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October 14, 2002

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Last night we followed our guide on horseback to his village - a 40 kilometer ride under the moonlight. It might have been romantic if we weren't worried about breaking our necks. In the dark the horses sometimes surprised us by jumping over unseen rocks or ditches. Several hours later we found our guide's home, an old trailer set in a field. His family welcomed us with open arms, even though they weren't expecting guests, and the embarrassing moment came when we ate the dinner intended for them while they watched. Kyrgyz hospitality knows no boundaries. In the morning we led our horses out with the sheep, met our car 10 kilometers from the village, and kissed our horses goodbye. We also left our boots with the guide's family; the least we could do for dinner.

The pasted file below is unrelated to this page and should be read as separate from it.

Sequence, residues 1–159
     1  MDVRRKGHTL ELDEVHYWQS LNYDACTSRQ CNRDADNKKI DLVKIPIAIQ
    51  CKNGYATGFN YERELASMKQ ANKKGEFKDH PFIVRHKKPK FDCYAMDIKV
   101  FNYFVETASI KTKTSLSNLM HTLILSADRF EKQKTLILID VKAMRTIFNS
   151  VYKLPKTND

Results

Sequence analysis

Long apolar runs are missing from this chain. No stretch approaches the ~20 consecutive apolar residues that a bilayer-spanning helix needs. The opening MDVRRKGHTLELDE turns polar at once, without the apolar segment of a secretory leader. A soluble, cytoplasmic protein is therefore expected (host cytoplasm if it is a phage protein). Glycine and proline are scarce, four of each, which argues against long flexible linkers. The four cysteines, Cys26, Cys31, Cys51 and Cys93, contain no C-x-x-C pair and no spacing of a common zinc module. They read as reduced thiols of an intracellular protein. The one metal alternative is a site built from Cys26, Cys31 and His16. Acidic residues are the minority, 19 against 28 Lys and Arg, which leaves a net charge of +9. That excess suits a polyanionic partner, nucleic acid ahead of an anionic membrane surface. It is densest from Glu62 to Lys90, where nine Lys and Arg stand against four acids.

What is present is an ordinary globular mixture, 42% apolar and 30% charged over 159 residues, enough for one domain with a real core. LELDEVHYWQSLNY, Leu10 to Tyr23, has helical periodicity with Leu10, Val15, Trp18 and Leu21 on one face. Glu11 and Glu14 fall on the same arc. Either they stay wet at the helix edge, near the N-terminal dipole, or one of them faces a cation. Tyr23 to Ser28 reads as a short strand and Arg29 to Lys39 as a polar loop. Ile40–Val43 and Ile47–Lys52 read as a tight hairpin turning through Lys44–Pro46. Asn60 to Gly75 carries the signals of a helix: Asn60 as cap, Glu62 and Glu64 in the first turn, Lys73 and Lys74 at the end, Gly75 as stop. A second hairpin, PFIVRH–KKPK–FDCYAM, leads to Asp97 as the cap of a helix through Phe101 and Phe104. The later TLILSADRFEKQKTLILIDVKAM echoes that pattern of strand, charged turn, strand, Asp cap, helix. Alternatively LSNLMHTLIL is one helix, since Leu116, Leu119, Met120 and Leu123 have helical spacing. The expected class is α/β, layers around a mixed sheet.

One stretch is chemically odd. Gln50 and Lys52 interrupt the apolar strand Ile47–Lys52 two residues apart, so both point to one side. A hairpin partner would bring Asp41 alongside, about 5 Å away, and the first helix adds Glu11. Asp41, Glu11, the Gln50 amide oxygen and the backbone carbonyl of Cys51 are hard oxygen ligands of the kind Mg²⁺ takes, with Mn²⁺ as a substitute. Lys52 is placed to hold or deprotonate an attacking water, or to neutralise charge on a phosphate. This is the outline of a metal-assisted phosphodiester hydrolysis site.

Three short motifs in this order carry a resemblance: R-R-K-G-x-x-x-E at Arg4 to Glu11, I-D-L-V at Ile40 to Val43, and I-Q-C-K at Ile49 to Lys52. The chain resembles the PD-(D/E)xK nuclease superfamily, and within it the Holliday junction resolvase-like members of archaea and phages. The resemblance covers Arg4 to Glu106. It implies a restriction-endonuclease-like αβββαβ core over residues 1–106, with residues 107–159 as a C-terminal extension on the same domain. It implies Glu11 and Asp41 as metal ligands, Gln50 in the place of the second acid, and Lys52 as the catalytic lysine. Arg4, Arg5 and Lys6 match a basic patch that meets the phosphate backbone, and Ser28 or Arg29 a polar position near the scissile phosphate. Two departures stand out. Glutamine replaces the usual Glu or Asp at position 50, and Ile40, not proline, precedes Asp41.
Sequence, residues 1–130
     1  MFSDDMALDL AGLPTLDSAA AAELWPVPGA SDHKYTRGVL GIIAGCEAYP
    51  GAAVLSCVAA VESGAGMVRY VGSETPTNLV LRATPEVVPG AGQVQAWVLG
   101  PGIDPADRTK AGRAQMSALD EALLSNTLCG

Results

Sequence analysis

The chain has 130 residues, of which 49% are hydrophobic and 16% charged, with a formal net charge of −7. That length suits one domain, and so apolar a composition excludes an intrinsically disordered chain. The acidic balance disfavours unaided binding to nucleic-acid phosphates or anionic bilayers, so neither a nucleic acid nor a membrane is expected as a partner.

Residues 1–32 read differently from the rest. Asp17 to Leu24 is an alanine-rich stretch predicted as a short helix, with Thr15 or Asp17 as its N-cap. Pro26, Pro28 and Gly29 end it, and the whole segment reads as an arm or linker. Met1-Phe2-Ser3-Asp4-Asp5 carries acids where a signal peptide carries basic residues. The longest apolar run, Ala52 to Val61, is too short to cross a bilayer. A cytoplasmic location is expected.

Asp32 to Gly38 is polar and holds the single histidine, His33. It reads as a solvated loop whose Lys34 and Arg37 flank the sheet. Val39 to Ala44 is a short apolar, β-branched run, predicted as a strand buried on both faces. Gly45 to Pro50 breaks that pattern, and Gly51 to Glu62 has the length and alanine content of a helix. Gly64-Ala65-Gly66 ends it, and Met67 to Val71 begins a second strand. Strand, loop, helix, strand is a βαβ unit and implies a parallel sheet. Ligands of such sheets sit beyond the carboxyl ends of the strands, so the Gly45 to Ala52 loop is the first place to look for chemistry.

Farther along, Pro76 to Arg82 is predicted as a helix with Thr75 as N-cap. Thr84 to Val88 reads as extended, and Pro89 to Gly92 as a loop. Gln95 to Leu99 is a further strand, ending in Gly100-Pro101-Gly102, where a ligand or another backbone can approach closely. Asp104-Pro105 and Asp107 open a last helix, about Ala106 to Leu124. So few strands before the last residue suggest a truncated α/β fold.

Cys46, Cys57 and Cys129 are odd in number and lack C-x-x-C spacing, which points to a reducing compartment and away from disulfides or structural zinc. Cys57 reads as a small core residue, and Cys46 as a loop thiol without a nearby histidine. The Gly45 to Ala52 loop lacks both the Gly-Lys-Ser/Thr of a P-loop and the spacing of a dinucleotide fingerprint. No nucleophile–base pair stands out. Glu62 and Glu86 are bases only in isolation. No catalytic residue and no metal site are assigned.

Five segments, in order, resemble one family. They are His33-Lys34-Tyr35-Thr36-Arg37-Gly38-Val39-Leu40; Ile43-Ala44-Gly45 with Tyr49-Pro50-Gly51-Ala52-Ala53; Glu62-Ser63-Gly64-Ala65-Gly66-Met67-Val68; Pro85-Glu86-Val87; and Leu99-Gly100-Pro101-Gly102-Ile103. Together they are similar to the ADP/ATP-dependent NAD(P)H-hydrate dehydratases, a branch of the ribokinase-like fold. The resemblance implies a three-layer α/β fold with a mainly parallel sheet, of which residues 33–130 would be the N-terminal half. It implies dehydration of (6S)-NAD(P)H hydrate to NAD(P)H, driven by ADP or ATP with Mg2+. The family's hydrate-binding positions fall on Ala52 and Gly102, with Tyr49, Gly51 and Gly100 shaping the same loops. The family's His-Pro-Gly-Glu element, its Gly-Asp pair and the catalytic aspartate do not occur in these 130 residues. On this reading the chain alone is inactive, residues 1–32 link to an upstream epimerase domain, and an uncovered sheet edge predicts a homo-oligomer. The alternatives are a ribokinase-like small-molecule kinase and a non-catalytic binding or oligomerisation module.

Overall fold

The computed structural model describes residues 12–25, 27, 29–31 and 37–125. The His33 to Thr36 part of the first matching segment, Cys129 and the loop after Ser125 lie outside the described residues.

The "Broken Heart"
Red sandstone cliffs of Jeti Orguz canyon have become a trademark of eastern Kyrgyzstan (not quite as famous as the Golden Arches).
Kyrgyzstan, especially the area around Issyk Kul, was off-limits to foreigners during the Soviet times. Locals remember huge opium plantations, officially sanctioned, that covered the area up to these alpine valleys.
Yurt hospitality.